Improvement of Service Capabilities Following the Establishment of an Electronic Database to Evaluate AIDS in Central Africa

Jamie NEWMAN, Pablo TORRES, Innocent AZINYUE, Jennifer HEMINGWAY-FODAY, Joseph ATIBU, Wilfred AKAM, Ashu BALIMBA, Lucien KALENGA, Marcel MBAYA, Henri MUKUMBI, Théodore NIYONGABO, Brigitte MFANGAM MOLU, Godfrey WOELK


Background: HIV care and treatment scale up has, in some instances, resulted in the development of electronic health records that have improved service delivery in resource-constrained settings. The International Epidemiological Databases to Evaluate HIV/AIDS (IeDEA) has enabled the establishment of a network of local site investigators and solid research infrastructure in participating regions through the creation of an international research consortium to address unique and evolving research questions in HIV/AIDS currently unanswerable by single cohorts.
Objectives: We provide an example of how establishing an electronic database to evaluate HIV/AIDS in the Central Africa region has improved service capabilities and patient care.
Methods: The IeDEA Central Africa region cohort includes adult data from 10 HIV treatment centers and pediatric data from four treatment centers in Burundi, Cameroon, and the Democratic Republic of Congo (DRC). Three research tools were developed while establishing the cohort: data collection forms, an electronic data management system and an accompanying reporting instrument.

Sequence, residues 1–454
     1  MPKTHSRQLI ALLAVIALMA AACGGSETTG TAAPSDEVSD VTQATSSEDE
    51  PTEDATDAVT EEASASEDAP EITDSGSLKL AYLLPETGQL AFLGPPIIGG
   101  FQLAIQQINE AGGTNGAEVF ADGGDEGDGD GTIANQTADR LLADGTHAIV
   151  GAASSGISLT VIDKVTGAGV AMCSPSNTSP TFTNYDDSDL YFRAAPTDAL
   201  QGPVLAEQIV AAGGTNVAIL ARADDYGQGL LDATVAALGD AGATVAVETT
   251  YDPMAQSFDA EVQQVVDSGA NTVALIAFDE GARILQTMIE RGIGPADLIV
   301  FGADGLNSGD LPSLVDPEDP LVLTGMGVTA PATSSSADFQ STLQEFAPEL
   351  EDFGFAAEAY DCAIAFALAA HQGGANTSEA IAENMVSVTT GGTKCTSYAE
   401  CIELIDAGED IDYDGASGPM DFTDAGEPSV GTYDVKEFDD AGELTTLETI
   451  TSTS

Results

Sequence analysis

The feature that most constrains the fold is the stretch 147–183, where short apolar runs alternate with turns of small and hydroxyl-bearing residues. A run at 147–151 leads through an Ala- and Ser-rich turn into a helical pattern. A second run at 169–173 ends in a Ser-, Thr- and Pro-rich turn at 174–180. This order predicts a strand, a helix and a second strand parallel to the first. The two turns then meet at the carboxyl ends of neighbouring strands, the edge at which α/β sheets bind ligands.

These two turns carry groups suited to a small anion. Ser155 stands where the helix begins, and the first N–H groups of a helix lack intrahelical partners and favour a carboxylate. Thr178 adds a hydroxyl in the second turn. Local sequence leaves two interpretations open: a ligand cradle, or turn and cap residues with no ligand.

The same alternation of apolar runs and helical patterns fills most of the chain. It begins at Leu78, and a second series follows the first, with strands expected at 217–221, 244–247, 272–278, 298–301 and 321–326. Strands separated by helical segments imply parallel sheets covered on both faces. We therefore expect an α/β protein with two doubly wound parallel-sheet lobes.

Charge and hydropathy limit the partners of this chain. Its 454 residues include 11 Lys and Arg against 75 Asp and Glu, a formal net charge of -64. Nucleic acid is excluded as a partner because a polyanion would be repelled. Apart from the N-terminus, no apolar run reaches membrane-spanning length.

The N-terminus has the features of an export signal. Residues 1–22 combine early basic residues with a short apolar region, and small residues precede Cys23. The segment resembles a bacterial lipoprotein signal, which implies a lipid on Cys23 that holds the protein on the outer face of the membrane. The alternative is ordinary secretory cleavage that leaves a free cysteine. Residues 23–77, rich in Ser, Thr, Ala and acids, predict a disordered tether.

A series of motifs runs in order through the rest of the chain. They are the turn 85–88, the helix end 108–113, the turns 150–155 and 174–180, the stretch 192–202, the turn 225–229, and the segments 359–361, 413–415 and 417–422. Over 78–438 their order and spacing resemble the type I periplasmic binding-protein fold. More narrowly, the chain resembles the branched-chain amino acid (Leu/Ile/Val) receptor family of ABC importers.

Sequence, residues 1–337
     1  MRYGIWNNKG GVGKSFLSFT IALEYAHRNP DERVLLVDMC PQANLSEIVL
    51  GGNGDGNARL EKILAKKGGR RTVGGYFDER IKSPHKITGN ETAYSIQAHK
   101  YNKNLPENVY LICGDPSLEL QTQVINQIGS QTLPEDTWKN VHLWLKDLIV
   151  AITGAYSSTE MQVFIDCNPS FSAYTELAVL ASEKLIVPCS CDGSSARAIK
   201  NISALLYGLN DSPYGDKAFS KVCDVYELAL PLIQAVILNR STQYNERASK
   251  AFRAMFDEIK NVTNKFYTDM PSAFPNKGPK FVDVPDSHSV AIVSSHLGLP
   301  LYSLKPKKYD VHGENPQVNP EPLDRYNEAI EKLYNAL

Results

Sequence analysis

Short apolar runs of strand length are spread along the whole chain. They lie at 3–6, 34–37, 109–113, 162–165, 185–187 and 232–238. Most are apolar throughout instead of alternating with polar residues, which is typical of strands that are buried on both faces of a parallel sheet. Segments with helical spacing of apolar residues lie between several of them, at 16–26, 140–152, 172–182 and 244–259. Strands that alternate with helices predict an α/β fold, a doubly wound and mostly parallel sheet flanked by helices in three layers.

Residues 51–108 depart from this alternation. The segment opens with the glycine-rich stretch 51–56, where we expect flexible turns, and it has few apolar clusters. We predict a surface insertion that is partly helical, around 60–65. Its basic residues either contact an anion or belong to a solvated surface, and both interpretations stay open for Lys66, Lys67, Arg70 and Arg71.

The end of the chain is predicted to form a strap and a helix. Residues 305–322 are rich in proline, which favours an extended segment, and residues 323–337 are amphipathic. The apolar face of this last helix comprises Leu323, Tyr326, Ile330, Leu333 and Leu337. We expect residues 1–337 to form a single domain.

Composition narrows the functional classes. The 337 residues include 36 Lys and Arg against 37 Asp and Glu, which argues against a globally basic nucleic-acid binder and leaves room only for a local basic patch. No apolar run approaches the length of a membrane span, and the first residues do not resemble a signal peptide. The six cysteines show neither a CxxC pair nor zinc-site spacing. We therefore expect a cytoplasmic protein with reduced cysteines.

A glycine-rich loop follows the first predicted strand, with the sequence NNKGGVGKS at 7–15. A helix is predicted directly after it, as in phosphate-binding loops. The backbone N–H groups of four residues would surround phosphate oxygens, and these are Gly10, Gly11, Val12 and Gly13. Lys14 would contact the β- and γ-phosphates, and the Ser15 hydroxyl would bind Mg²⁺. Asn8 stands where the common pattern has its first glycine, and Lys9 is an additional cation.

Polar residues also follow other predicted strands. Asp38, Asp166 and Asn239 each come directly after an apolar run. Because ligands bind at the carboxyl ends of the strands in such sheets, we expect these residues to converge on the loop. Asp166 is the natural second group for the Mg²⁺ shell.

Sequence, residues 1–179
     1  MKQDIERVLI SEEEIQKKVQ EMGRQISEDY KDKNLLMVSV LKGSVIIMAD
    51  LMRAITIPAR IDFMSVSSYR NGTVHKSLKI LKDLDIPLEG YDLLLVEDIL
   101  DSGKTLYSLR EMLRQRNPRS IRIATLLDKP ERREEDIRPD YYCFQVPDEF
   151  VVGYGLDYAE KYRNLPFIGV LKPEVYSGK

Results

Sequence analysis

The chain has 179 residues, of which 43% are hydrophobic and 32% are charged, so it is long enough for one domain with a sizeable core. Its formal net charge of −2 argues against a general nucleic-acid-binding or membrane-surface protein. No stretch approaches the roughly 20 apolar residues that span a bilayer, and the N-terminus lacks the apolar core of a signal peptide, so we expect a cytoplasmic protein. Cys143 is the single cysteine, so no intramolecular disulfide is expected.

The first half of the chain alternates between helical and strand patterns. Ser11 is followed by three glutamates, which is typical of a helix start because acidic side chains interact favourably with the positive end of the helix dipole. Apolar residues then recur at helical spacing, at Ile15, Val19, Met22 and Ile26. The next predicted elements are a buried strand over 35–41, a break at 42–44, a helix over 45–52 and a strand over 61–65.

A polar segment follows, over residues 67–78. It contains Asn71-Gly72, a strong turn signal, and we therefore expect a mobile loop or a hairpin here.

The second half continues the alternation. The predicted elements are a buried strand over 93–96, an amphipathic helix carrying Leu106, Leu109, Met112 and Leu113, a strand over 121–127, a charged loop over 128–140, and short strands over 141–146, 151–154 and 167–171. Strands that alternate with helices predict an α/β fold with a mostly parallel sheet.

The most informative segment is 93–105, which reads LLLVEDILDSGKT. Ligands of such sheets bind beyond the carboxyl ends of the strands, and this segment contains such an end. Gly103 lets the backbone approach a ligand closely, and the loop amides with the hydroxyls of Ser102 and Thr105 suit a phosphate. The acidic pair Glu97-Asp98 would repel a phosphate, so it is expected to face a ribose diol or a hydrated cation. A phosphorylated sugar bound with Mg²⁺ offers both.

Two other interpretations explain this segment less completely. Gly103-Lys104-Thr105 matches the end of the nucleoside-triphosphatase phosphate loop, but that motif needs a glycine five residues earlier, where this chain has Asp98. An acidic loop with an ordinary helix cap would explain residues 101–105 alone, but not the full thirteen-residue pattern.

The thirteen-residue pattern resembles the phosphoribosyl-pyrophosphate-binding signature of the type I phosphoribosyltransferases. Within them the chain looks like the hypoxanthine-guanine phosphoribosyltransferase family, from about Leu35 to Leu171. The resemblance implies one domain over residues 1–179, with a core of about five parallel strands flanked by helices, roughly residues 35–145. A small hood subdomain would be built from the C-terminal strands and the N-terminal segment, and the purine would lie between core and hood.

Results: Data have been collected from 19,200 HIV-positive adults and from 470 HIV-positive children. Though unintended by research objectives, many participating health facilities independently decided to adopt the IeDEA Central Africa region research forms and accompanying electronic data management system (DMS) as their routine patient medical record system.
Conclusions: The creation of clinical data forms, an electronic data management system and an accompanying reporting instrument have improved patient management, continuity of care and capability to fulfill reporting requirements. The establishment of the IeDEA Central Africa region database has enabled physicians and researchers in this region to establish adult and pediatric cohorts for the purpose of describing regional trends in HIV/AIDS, quickly identify populations at risk for dropping out of care and treatment, and has provided data needed to develop strategies for addressing gaps in behavioral implementation science.


Electronic medical records; service capabilities; HIV research information systems

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